You can evaluate your batter one stroke at a time, no rush. Essentially, the macaron batter needs enough thickness that it will mound up on itself, but enough fluidity that after 20 seconds, it will melt back down. I’ve heard people describe this consistency as lava-like, or molten, and that’s pretty apt.
5. Transfer about half the batter to a piping bag. (When your bag is too full, the pressure causes the batter to rush out in a way that’s difficult to control, making for sloppy macarons.) Pipe the batter into the pre-traced circles on the baking sheet. Stop piping just shy of the borders of the circle, as the batter will continue to spread just a bit. After piping your macarons, take hold of the sheet pan and it hard against your counter. Rotate the pan ninety degrees and rap two more times. This will dislodge any large air bubbles that might cause your macarons to crack. Sprinkle the tops with the crushed Speculoos cookies.
Bake for about 18 minutes, or until you can cleanly peel the parchment paper away from a macaron. If, when you try to pick up a macaron, the top comes off in your hand, it’s not done. Once the macarons have baked, cool thoroughly on the pans, before peeling the cooled macarons from the parchment. Use a metal spatula if necessary.
6. To fill your macarons take a large dollop of Speculoos and carefully smooth it on the bottom of a macaron before sandwiching another macaron of similar size and shape on top to create the finished macaron.
Macarons, against all pastry traditions, actually get better with age. The shells soften and become more chewy, mingling with the flavor of the buttercream too. So, while of course you can eat them right away, don’t hesitate to store them refrigerated for up to a week. If at all possible, set them out at room temperature for a few hours before consuming, because cold buttercream is kinda gross.
I’m so excited that I found this recipe, and Brave Tart herself has been wonderful about getting back to my tweets and emails full of questions! I can’t wait to make these again using different flavours, fillings and colours. Next time I’ll use the pizza stone as a bottom heat source and will let you know whether or not its successful.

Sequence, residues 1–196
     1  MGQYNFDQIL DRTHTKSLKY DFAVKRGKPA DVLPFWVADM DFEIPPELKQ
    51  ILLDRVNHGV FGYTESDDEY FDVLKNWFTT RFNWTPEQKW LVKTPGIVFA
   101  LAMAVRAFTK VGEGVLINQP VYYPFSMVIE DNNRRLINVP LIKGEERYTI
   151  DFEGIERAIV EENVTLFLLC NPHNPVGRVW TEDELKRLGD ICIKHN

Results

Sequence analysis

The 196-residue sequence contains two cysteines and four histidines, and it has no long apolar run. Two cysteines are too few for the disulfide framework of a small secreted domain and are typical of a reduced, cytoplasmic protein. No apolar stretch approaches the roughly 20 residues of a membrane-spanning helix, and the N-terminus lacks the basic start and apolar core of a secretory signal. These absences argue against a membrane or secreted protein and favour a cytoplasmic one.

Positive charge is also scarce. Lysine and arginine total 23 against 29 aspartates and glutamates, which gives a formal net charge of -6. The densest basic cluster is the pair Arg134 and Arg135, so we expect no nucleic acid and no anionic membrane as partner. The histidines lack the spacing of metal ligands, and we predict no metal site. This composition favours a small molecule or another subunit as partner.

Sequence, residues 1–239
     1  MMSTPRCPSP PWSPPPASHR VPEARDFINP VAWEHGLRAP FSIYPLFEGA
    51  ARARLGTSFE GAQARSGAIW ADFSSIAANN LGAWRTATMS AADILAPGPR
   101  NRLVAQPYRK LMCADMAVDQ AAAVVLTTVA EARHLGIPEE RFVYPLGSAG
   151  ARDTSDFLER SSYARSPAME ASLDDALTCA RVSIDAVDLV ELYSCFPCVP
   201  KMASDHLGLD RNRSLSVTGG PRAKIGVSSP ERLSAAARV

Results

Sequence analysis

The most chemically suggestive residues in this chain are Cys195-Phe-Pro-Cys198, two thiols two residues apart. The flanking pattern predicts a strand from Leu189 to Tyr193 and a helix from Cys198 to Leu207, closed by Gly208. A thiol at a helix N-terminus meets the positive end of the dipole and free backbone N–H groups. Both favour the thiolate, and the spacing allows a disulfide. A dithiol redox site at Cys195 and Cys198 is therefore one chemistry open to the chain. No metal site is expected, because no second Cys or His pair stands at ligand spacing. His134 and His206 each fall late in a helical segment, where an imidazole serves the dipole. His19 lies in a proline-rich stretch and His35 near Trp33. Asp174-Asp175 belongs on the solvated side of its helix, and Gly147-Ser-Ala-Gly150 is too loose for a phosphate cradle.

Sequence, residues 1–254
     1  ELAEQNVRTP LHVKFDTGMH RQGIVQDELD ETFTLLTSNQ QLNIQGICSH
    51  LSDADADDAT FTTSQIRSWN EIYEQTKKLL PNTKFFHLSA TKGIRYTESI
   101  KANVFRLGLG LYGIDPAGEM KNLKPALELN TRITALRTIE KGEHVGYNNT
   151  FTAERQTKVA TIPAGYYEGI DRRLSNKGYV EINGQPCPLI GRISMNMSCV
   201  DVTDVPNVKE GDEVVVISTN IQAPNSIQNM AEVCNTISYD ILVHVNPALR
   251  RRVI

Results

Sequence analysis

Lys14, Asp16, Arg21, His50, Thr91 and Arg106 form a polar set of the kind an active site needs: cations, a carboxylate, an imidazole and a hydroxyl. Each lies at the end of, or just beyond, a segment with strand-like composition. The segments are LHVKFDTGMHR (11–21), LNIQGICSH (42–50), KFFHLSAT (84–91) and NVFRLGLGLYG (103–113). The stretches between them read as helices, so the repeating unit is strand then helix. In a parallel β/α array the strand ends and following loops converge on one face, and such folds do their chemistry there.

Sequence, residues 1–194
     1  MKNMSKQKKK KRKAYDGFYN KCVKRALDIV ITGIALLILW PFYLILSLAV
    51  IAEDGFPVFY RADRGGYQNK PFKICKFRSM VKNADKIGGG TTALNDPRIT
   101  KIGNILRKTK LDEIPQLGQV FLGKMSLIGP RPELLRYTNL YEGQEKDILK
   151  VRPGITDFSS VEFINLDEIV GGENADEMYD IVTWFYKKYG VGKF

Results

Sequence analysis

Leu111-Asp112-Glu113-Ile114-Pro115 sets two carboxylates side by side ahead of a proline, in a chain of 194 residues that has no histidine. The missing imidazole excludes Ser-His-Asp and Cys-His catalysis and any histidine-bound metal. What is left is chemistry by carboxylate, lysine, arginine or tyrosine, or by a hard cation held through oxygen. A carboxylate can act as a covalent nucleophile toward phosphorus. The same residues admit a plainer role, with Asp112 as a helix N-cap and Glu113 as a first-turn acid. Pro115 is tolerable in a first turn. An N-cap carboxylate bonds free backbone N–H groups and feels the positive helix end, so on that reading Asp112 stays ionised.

And now onto something really exciting! Everyone knows that the key to making a good macaron is a good kitchen scale, so I was delighted when lovely folks over at Salter UK provided me with a beautiful new MyScale kitchen scale to test out. I decided that making these macarons would be the perfect opportunity for me to try it out. The scale is definitely the prettiest kitchen scale I’ve ever seen, and it’s also pretty cool because you can customise the pattern on it to whatever you like!
The Salter MyScale Personalised scale is customisable allowing you to change the display image to suit your tastes and kitchen decor. It comes with 2 ready made designs – a pastel polka dot background and a beautiful silvery grey damask pattern that I LOVE! But if you don’t like either of those patterns then the really cool thing is that you can upload and print out your own design using a picture of your choice by visiting the MyScale website.
The digital display is back-lite which makes it easy to read, and the buttons are really sensitive to the touch, so there’s no need to push down hard on them in order to reset it or change the measuring units. (I had to do this with my old scale and it was a pain!) You can easily switch from grams to ounces and milliliters to fluid ounces at the touch of a button, so there’s no need for measuring cups. The scale turns off automatically after a few minutes, but instead of the digital display turning completely blank, it reverts to a clock! The scale is also wall mountable so that you can use it as a pretty piece of art and a clock when you’re done baking in order to save valuable counter top space! See – told you it was pretty cool!
Now here’s the best part! Salter UK has kindly provided me with a 2nd MyScale to giveaway to one of my readers! To enter all you have to do is leave a comment below telling me what design you would choose to use on your MyScale. Additional entries can be earned by doing the following:
Become a follower of Made With Pink using Google Friend Connect
Become a fan of Made With Pink on Facebook
Follow Made With Pink on Twitter and tweet the following message: I’ve just entered to win a customisable #Salter_MyScale from @Made_With_Pink and you can too! Visit http://tiny.cc/nehz9
Links to all of the above are in the right hand column. Maximum of 4 entries per person. The winning comment will be chosen at random.
Open to UK residents only. Contest closes at 11:59pm Sunday May 29th. Winner will be announced the week of May 30th.
*** Just a reminder that you MUST leave a comment below in order to be entered into the prize draw, otherwise I have no way of keeping track of who tweeted, followed etc. If you make a comment anonymously then please leave an email address so I can contact you if you win. You should leave a separate comment for each of the 3 things listed above if you want to be entered more than once. I will be using random.org to choose a number from all of the comments listed below in order to determine the winner. ***
Alternately if you can’t wait to find out if you’ve won the MyScale you can purchase it via Amazon here: